What does a Casting Director Do?
As the union movement gets behind an organizing drive by the Teamsters we investigate what these people actually do
Casting directors, or casting agents, are the people responsible for assigning roles in a production. They’re hired by the production company, corporate client, director, ad agency and/or producers to find the best fit for each part. They reach out to talent agencies, managers and even individual talent for auditions. After reviewing headshots, demos and reels the casting director will select the person they feel is best suited for the part and schedule an audition with the director and producers.
Casting agents act as the middle man between the talent and the writers, directors, and producers. Without them, the talent would get very little direction and be left to figure out how to please the writers all on their own. Even though it isn’t the casting director’s job to tell the talent what to do, they provide tips and guide them in the right direction. By doing this, they are able to optimize talent and improve the entire production. They determine what the work will entail for each role to be cast, what the job is worth from the agency's experience, and what the client should expect with regard to the talent once employed.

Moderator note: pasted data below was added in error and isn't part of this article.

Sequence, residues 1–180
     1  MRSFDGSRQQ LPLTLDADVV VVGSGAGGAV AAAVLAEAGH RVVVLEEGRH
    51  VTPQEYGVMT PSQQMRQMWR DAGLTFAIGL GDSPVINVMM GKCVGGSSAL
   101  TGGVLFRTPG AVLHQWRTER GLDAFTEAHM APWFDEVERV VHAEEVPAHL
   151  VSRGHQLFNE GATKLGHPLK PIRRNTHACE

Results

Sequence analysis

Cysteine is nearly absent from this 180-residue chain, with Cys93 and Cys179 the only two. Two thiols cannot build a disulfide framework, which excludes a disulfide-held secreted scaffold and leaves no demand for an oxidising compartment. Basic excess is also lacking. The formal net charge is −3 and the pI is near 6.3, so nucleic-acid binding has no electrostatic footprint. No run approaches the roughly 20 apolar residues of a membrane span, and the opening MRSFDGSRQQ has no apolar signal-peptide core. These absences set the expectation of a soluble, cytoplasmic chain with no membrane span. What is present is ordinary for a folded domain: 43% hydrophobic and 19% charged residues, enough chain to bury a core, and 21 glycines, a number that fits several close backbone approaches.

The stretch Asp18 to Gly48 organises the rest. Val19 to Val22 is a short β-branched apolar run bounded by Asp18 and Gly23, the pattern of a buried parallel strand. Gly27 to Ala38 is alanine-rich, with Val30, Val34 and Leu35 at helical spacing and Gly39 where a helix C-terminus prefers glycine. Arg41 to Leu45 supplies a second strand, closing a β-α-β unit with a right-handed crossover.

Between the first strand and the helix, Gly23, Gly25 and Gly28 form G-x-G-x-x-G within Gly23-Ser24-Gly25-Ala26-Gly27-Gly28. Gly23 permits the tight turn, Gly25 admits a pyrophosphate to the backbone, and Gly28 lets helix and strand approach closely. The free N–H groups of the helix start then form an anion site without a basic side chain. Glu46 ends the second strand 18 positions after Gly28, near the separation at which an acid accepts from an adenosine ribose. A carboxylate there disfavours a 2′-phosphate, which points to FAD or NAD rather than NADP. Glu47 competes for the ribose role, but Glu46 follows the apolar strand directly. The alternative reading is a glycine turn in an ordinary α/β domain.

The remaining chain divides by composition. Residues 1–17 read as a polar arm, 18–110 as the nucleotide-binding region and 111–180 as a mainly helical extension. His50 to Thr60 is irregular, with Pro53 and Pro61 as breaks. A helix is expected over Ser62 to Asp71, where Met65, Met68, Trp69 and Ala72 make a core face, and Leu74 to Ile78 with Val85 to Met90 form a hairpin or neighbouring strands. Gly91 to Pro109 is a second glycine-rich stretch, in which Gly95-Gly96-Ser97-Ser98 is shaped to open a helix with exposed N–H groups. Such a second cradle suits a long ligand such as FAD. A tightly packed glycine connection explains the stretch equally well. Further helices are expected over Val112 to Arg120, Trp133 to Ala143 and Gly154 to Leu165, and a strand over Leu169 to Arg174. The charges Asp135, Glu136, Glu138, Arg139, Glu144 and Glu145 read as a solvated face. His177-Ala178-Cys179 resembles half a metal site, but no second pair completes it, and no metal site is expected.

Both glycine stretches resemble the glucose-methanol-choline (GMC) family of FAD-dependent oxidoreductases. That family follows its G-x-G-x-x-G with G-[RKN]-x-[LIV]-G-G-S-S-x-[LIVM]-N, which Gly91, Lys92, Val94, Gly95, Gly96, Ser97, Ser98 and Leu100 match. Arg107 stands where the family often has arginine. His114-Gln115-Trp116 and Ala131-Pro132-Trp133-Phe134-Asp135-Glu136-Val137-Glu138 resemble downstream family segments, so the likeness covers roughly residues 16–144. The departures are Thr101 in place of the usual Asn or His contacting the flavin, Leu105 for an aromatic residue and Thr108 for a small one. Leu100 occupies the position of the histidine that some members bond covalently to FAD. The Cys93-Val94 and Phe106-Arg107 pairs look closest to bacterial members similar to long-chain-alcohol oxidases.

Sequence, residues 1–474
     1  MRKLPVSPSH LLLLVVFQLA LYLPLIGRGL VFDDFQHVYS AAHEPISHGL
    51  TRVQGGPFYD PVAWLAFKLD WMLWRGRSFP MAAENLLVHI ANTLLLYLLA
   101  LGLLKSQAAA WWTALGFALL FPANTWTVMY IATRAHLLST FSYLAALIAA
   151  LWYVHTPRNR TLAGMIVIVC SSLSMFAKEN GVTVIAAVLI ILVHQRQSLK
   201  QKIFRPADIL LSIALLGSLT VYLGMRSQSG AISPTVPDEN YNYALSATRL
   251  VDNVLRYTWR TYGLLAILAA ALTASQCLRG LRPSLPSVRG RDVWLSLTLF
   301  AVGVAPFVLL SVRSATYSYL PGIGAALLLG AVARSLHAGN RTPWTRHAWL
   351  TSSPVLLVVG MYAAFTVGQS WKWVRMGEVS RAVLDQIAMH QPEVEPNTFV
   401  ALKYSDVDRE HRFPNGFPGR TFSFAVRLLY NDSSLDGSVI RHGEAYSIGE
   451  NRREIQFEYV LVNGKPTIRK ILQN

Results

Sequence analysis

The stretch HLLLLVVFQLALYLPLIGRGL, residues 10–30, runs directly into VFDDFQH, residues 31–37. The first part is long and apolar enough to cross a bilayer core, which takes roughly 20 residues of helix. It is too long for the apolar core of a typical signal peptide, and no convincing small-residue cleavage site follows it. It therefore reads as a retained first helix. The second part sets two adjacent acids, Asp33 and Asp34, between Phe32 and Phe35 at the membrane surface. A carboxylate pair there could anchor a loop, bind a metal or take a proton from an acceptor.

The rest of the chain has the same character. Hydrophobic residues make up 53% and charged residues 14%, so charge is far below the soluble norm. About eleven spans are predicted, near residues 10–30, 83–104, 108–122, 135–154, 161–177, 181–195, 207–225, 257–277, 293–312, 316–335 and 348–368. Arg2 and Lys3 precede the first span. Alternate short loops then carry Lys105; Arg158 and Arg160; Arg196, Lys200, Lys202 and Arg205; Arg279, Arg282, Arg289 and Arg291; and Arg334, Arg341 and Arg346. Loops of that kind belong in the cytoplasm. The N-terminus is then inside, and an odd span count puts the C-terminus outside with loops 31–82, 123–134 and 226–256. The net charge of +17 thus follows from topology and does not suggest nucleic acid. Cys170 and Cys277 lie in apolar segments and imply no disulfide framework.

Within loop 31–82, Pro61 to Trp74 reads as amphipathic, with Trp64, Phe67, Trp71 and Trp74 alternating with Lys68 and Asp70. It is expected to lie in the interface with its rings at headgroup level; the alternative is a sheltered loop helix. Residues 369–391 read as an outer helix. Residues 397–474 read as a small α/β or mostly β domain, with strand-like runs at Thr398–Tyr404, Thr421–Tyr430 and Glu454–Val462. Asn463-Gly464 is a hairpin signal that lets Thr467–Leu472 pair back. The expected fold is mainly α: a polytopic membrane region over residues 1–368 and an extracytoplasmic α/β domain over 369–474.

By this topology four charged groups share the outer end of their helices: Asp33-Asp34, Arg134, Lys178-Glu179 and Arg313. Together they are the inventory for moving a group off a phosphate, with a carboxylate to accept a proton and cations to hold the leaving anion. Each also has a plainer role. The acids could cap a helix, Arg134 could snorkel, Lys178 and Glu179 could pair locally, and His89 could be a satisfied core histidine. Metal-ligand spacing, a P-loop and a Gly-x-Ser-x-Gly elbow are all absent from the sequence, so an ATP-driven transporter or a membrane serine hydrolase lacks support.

With so many responsibilities, it’s no wonder why Broadway casting directors are trying to organize. In the theater industry, almost every position is organized with casting directors standing on the outside. These directors are so busy worrying about the responsibilities of their jobs that they don’t have time to worry about healthcare or pensions until they are sick with medical bills or are getting ready to retire.
The Broadway directors are moving to be recognized as part of Teamsters Local 817 and with only roughly 40 of them, they are having a hard time understanding why The Broadway League is resisting. The argument being put up is that casting directors are considered independent contractors because they have their own employees and work on more than one show at a time. With the rest of the industry protected by unions, it’s time that “doorways of opportunity” are treated with the same respect.